In a recent blog on poster printing and design, we gave you a few pointers on how to get the design of your promotional poster right – after all, there’s plenty of space on a poster with which to hopefully attract the viewer’s attention and interest, but also just as much opportunity to deter them from your company, product, service or deal.
In that previous blog, we covered such subjects as achieving the right layout and the most intelligent use of colour. Today, our focus will move onto such vital elements to poster printing and design as your chosen text and visuals.
Text size and font type… more important than you might think
Getting the layout of your poster right will make it easier to make sense of it, while your chosen colour will also communicate something about the tone and nature of your offer… but somewhere in your poster design, more explicit information will need to be shared, and the main information will need to be clear – ideally, from six metres away.
Your font, then, will need to be clear and easy to read, and you’ll also need to get the balance right in terms of size. You won’t want your font to be so big that it takes up space that could have been better used to share other information… but nor do you want the text to be so small that nobody is drawn to the poster.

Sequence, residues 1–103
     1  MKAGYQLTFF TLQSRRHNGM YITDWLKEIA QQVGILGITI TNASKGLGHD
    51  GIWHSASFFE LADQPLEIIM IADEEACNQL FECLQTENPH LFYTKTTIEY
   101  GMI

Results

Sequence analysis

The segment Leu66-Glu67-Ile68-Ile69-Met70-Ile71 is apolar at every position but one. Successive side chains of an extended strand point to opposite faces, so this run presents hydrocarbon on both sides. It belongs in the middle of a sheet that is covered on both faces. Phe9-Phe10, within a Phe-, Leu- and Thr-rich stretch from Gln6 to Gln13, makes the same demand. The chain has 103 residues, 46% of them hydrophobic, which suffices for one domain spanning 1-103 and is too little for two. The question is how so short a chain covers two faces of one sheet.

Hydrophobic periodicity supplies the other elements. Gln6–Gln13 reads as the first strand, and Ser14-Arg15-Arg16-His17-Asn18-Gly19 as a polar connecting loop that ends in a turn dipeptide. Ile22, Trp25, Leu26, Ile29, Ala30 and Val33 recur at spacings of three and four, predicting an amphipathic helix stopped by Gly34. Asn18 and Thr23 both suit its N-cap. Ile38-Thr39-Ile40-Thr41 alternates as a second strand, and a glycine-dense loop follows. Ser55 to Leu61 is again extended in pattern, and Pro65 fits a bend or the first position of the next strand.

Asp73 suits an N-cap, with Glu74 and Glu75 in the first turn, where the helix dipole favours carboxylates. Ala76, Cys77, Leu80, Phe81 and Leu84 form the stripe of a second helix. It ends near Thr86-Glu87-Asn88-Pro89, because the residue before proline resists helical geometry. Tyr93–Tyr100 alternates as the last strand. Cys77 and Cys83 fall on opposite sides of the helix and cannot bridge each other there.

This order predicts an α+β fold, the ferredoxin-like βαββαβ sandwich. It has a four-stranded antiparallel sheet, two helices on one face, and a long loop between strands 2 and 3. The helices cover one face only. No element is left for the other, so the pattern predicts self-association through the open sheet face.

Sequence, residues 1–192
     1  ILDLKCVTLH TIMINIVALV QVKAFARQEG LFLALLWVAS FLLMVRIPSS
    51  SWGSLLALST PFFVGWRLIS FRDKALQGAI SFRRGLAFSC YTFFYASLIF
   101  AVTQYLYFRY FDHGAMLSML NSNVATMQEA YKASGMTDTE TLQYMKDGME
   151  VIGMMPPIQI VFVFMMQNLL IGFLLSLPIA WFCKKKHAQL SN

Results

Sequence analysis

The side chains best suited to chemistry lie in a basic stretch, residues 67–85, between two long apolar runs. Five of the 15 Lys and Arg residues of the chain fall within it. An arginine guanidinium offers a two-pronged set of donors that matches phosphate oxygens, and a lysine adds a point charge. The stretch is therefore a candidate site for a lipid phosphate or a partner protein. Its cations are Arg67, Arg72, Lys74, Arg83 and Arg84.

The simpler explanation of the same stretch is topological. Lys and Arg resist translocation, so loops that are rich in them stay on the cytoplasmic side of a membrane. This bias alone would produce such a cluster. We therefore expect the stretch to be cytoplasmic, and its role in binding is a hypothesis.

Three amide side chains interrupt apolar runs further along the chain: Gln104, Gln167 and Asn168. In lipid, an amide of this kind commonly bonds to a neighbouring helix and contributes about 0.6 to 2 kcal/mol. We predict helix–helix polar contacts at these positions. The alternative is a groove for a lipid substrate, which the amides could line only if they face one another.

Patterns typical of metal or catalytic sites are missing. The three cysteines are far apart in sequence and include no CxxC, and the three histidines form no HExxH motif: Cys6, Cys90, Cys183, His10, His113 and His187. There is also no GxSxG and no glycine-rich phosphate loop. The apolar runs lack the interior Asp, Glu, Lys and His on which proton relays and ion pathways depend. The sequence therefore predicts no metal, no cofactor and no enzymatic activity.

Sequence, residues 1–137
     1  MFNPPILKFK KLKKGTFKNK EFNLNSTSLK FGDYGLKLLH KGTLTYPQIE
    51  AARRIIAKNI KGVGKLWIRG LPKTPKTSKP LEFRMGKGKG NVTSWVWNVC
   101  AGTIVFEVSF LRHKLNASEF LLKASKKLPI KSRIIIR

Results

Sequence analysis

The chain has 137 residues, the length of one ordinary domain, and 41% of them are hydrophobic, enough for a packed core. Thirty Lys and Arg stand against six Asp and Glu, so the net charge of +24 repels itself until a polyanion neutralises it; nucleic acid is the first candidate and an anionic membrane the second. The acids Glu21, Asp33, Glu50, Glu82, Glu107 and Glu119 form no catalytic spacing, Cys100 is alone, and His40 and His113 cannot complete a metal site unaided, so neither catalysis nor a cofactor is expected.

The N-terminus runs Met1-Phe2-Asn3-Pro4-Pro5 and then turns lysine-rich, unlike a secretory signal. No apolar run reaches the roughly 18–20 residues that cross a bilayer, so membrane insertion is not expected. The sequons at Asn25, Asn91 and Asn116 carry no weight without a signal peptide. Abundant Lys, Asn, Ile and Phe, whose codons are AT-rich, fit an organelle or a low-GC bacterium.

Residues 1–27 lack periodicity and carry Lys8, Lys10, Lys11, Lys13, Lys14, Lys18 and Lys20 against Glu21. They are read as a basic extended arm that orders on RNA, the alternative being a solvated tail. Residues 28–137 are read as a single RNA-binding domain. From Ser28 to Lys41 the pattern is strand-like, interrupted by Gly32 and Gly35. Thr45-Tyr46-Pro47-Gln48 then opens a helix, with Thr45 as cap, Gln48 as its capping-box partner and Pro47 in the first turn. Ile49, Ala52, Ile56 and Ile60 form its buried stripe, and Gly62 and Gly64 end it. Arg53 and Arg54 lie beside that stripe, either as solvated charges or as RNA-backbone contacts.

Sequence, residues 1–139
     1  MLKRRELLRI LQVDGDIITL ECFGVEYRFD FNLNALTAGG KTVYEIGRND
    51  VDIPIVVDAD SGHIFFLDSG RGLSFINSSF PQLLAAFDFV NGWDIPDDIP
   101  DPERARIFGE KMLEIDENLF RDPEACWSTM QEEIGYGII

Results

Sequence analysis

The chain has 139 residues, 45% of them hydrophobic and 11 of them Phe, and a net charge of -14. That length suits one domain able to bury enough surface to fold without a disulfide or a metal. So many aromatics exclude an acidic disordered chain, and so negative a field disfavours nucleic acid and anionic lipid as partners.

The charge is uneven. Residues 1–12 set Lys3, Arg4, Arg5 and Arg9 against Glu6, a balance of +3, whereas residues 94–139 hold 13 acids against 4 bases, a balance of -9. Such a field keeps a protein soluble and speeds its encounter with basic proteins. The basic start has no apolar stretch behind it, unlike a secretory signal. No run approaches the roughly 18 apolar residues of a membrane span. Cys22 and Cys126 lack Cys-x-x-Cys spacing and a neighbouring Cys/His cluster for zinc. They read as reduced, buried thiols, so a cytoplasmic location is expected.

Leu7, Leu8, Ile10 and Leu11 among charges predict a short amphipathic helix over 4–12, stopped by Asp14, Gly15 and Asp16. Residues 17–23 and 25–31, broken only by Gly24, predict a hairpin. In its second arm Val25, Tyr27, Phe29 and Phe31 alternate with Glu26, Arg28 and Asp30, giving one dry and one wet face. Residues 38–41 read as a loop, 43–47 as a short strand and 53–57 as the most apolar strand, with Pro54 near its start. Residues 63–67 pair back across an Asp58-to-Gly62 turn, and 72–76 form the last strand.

Similarly, some fonts are easy to read, but might seem a bit dull, while other fonts are exciting, but can be awkward to read – and that’s before you consider whether your chosen font might be giving a more frivolous impression of your company than you’d like.
Visuals are another vital part of poster design
Just imagine poster printing without those eye-catching, thought-provoking and even occasionally brash visuals, such as graphics, photos and charts. They’re such a fantastic way of hammering certain important images into the minds of the viewers, in the process helping to communicate the most imperative messages about your product or service.
But there are so many things that could go wrong with a poster’s visuals. Your visuals might be of a poor quality, perhaps because you used an outdated digital camera to take a photograph that proves to be of rather low resolution when you increase it to poster size. Or your diagrams and charts might look unprofessional, because you tried to draw them by hand or a basic program like Paint, rather than using a better-suited software package, such as Photoshop, CorelDraw or Corel Presentations.
Other people might use too many visuals that leave their poster design looking overly cluttered, or they might not crop an image very well. Take heed of these warnings, though, and there’s no reason why you can’t have a truly stunning poster design that attracts plenty of interest from your target market.
Image courtesy of http://tripletsisters.wordpress.com/